Natural Gas Fuel Basics
Natural gas is an odorless, nontoxic, gaseous mixture of hydrocarbons—predominantly methane (CH4). It accounts for about a quarter of the energy used in the United States. About one-third goes to residential and commercial uses, such as heating and cooking; one-third to industrial uses; and one-third to electric power production. Although natural gas is a clean-burning alternative fuel that has long been used to power natural gas vehicles, only about one-tenth of 1% is used for transportation fuel.
Between 80%-90% of the natural gas used in the United States is domestically produced. Most natural gas is drawn from wells or extracted in conjunction with crude oil production. Natural gas can also be mined from subsurface porous rock reservoirs through extraction processes, such as hydraulic fracturing (see a list of supplemental sources from the Energy Information Administration (EIA)). Renewable natural gas is an emerging fuel produced from decaying organic materials, such as waste from plants, landfills, wastewater, and livestock.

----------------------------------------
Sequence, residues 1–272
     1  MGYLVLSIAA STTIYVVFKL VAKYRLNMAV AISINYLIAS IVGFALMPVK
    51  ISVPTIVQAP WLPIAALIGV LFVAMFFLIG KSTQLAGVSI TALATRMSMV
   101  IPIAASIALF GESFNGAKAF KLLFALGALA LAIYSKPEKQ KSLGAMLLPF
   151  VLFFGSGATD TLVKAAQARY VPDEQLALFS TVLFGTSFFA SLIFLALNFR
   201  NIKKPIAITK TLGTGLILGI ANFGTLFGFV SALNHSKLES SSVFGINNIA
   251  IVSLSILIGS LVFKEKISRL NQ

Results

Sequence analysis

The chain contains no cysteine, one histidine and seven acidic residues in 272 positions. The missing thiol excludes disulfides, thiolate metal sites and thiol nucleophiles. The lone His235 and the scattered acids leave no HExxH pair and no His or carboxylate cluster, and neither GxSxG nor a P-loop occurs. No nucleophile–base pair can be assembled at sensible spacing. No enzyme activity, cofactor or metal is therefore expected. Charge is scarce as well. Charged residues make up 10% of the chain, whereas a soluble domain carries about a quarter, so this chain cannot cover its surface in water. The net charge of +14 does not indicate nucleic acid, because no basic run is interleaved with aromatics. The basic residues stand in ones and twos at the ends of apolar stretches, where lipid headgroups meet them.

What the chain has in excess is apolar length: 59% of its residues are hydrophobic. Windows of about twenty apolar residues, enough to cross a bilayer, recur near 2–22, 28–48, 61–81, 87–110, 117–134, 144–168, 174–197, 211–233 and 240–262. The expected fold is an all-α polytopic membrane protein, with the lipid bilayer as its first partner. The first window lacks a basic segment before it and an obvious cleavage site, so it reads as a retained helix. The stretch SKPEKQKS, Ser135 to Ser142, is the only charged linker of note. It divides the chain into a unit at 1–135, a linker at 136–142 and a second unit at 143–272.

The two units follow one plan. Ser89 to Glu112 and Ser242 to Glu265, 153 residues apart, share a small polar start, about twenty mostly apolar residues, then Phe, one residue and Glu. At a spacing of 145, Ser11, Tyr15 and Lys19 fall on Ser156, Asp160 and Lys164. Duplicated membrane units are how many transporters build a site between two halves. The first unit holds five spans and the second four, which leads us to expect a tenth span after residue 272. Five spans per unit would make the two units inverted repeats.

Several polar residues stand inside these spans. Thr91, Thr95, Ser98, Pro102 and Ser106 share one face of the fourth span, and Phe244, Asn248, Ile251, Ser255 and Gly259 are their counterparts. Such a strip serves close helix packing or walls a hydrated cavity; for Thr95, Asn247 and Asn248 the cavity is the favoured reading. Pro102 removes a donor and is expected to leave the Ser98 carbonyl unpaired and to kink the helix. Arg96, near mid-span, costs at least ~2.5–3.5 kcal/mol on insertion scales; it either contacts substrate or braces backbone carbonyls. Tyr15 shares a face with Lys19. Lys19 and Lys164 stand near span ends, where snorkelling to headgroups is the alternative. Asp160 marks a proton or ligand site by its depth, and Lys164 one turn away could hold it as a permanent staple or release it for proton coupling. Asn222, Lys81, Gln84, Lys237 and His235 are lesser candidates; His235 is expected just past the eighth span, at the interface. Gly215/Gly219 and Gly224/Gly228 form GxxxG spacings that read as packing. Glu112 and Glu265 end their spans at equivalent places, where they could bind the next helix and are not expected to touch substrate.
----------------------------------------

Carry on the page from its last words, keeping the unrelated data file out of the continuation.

CNG and LNG as Alternative Fuels
Two forms of natural gas are used in vehicles: CNG and LNG. Both are clean-burning, domestically produced, relatively low priced, and widely available. Because of the gaseous nature of this fuel, when stored onboard a vehicle, it must be in either a compressed gaseous (CNG) or liquefied (LNG) state. CNG and LNG are considered alternative fuels under the Energy Policy Act of 1992.
Natural gas is sold in units of diesel or gasoline gallon equivalents (DGEs or GGEs) based on the energy content of a gallon of gasoline or diesel fuel.
Compressed Natural Gas
To provide adequate driving range for a vehicle, CNG is stored in cylinders at a pressure of 3,000 to 3,600 pounds per square inch. A CNG-powered vehicle gets about the same fuel economy as a conventional gasoline vehicle on a GGE basis. A GGE equals about 5.66 pounds of CNG. CNG is used in light-, medium-, and heavy duty applications.
Liquefied Natural Gas
LNG is produced by purifying natural gas and super-cooling it to -260°F to turn it into a liquid. Because it must be kept at cold temperatures, LNG is stored in double-walled, vacuum-insulated pressure vessels. LNG is good for trucks needing a longer range because liquid is more dense than gas (CNG) and, therefore, more energy can be stored by volume in a given tank. LNG is typically used in medium- and heavy duty vehicles; a GGE equals about 1.5 gallons of LNG.
To find the fuel, see Natural Gas Fueling Station Locations.